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UNODC Conducts Training to Counter Maritime Crime with Cambridge Pixel Simulation Software

Publish date: 03/08/2023

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United Nations Office on Drugs and Crime (UNODC) procured SPx Radar Simulator and RadarView display software for classroom training sessions to counter maritime crime.

Tackling drug and contraband trafficking around the complex coastlines of Southeast Asian countries requires skilled personnel to be well-trained in maritime surveillance. With such unpredictable scenarios, simulation provides the perfect tool to allow operators to learn from previous events.

The Global Maritime Crime Programme of the United Nations Office on Drugs and Crime (UNODC-GMCP) Regional Office for Southeast Asia and the Pacific delivers maritime domain awareness (MDA) training to surveillance centre personnel of maritime law enforcement agencies such as Coast Guard Agencies. This training includes detection of anomalous behaviour of vessels of interest. To demonstrate realistic scenarios as well as potential future ones during training sessions, GMCP procured Cambridge Pixel’s SPx Radar Simulator and RadarView display software.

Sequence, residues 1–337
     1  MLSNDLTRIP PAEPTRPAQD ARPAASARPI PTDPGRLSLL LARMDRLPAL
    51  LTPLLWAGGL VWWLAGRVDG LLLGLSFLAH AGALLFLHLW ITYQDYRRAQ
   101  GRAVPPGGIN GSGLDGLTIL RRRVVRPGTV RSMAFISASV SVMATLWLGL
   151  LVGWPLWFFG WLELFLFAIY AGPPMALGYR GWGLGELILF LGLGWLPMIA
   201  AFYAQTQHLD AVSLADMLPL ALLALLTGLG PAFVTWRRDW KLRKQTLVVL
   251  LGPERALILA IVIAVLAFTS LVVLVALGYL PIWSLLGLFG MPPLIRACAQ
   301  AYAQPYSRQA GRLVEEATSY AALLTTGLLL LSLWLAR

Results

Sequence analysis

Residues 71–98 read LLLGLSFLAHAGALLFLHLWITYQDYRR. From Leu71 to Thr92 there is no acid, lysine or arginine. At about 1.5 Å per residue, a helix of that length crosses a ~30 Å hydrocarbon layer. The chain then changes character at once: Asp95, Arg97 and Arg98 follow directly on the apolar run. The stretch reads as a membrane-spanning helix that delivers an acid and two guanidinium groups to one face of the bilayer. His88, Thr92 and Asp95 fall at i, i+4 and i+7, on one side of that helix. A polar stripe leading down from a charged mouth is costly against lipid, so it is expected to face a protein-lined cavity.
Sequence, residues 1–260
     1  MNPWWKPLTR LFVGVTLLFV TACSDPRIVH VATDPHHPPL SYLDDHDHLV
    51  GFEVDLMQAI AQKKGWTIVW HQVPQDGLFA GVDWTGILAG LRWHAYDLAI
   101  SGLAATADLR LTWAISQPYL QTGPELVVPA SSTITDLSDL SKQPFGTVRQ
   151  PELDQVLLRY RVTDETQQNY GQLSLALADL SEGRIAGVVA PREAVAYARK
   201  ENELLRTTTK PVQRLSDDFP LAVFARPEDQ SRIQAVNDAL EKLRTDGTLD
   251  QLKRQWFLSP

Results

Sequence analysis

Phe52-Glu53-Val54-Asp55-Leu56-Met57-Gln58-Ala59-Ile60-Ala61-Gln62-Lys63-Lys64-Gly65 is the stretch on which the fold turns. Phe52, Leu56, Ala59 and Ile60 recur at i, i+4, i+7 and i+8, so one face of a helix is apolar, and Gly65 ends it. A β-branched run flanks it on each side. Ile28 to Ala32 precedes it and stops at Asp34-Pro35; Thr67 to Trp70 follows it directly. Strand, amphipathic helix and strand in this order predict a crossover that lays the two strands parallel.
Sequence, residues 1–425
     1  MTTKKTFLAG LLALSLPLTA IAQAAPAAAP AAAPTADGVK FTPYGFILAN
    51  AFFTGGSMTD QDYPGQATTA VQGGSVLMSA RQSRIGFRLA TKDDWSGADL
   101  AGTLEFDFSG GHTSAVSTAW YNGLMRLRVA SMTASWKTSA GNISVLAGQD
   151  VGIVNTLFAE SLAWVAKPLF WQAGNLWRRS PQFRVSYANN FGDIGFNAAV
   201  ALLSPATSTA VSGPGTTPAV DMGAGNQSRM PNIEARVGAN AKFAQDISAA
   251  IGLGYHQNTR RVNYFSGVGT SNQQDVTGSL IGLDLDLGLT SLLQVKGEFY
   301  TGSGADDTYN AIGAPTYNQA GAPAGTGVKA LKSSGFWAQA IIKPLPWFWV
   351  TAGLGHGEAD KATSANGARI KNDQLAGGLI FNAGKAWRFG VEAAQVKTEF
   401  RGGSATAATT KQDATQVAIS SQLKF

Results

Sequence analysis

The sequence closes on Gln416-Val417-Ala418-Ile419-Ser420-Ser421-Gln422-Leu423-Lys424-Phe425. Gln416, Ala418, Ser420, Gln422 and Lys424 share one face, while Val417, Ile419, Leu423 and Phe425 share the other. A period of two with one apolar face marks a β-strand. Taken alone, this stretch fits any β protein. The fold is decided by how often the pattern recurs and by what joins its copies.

SPx Radar Simulator allows the instructor to create target motion profiles for a scenario representing, for example, smugglers trying to evade detection amongst regular vessel traffic.

To show the resultant radar video and target data in a typical, high-performance radar operator application, UNODC-GMCP uses Cambridge Pixel’s RadarView display software as a training display. RadarView displays maps overlaid with radar video, tracks and AIS targets, in this case generated by SPx Radar Simulator, which can also feed to third party applications on the network in open formats such as ASTERIX.

David Johnson, managing director of Cambridge Pixel, said “We are extremely proud to be supporting efforts of the Global Maritime Crime Programme (GMCP) of UNODC to counter illicit activity at sea in the Southeast Asian region. We look forward to further opportunities to cooperate with the UN agencies to improve maritime law enforcement at sea.”